When Mario Goetze settled a crossing pass with his chest and volleyed a goal that won the World Cup, German fans roared in ecstatic release. Those from Brazil were nearly as delirious, even if it was out of relief as much as celebration. (Germany Beat Argentina)
It might have seemed an odd sight, Brazilian fans celebrating another team inside their own cathedral of soccer, the Maracana stadium. But after two demoralizing losses brought national embarrassment, solace finally came Sunday as Germany defeated Argentina, 1-0, to become the first European team to win a World Cup played in North or South America.
"Argentina winning would have been the worst thing I could think of," said Jaime Costa, 30, a Brazil fan who works in publicity for a music company. (Messi Wins Golden Ball)
By the tens of thousands, Argentine fans had crossed into neighboring Brazil, many sleeping in tents and mobile homes and taunting their chief rivals by singing, "Brazil, tell me how it feels to have your daddy in the house." Roughly, that translates as "How does it feel to be bossed around in your own backyard?" Brazil lost, 7-1, to Germany last Wednesday in the semifinal round - its worst defeat ever - and then appeared feeble again in a 3-0 loss to the Netherlands in Saturday's third-place game. Meanwhile, Argentina had reached the final for the first time in 24 years, led by its star Lionel Messi, widely considered the best player in the world. (Brazilians Go Back to Real Life)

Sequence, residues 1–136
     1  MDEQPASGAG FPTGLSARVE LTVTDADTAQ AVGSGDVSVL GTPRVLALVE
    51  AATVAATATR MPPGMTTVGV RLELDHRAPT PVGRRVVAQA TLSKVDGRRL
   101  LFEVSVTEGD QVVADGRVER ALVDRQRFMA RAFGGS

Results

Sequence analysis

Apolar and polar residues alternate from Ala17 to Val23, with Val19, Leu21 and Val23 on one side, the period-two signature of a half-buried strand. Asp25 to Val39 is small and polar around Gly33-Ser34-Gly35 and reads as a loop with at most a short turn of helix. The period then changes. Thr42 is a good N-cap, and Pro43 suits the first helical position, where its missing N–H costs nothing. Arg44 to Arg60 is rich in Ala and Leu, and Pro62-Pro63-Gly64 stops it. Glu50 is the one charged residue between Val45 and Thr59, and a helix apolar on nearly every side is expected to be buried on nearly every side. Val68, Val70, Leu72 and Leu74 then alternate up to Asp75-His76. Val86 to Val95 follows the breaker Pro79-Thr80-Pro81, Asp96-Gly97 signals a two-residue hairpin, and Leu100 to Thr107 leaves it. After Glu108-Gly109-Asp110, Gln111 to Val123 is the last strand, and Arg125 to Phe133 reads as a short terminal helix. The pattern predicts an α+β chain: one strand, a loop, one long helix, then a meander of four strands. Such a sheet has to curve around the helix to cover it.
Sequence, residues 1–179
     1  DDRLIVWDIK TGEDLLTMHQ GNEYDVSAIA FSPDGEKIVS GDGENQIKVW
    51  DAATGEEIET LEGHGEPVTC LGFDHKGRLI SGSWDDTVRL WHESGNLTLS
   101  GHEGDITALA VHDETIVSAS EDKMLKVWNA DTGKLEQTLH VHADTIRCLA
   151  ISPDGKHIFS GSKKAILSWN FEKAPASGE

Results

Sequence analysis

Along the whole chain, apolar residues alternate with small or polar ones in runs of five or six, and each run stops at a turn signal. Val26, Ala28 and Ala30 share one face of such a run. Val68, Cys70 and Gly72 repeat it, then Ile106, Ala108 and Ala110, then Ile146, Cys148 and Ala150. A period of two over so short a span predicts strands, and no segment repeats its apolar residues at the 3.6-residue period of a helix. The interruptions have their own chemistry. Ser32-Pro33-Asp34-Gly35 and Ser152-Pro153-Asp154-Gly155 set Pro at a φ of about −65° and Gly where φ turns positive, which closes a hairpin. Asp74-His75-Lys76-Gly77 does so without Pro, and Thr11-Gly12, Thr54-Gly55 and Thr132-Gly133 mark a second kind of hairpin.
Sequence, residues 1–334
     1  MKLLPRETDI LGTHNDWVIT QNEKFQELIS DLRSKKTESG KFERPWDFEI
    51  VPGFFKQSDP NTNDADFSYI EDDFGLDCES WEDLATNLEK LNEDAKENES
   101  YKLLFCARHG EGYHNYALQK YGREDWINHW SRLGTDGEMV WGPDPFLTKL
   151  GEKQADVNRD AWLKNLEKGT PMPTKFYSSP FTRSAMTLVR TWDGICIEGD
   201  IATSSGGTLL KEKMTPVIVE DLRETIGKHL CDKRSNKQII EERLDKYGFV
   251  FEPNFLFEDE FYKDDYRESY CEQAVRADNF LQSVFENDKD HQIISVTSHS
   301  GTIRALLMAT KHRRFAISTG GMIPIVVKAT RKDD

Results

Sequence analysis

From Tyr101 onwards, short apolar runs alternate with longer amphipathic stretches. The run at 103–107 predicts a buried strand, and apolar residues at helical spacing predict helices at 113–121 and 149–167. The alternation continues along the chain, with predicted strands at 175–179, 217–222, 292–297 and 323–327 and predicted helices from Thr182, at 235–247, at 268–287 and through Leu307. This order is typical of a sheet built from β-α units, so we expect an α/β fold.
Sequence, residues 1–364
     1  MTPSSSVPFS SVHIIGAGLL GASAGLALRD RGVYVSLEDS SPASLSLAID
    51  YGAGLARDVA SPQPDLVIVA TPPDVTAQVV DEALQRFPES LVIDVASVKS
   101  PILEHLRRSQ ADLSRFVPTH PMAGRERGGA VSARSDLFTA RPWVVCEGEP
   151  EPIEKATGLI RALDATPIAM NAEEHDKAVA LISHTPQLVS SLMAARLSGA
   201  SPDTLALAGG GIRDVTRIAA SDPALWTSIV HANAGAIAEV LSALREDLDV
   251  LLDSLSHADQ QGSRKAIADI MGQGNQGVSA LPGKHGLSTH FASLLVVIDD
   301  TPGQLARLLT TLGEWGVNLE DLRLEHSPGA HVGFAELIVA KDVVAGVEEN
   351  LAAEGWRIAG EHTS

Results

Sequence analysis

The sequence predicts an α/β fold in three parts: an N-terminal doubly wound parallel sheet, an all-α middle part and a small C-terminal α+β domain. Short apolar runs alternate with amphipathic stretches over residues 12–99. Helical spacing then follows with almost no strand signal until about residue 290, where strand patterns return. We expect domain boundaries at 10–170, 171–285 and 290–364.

"We hate them, and we don't even know why," said Flavia Torezani, 31, a computer programmer from Brazil who cheered herself hoarse at Sunday's outcome as Argentine fans and players faced the heartbreak of narrow defeat. "They're our rivals. We don't want them to win, ever. This was almost like Brazil winning today."
Sunday's final concluded a monthlong tournament that presented a jarring contrast between Brazil's hosting of the tournament and its achievement on the field. The World Cup was well organized despite fears that it would be chaotic. The Brazilian people were hospitable. The soccer was largely attractive and attacking. Some have called this the best World Cup in recent memory.
Soccer became so absorbing that widespread protests - against perceived wasteful spending on the World Cup and the 2016 Rio Olympics - did not occur after undermining a warm-up tournament last year.
Yet Brazil's hope of winning a sixth World Cup ended in humiliation with that semifinal loss to Germany. The country was stunned. It was as if some essential truth had been altered. Brazil not only could be beaten at home, it could be routed and demoralized. (Germans See Win as Symbol of Global Might)
"It has left a terrible blemish, a deep scar," said Aldo Rebelo, Brazil's sports minister. "It was a disaster."
After the loss to Germany, Brazilians reacted with mordant humor: Another goal was found in the shaggy hair of the Brazilian defender David Luiz. Not even Volkswagen could produce Gols - a popular model it builds here - as quickly as the German national team could produce goals. Messi would not play Sunday because he got stomach problems from laughing so hard at Brazil's defeat.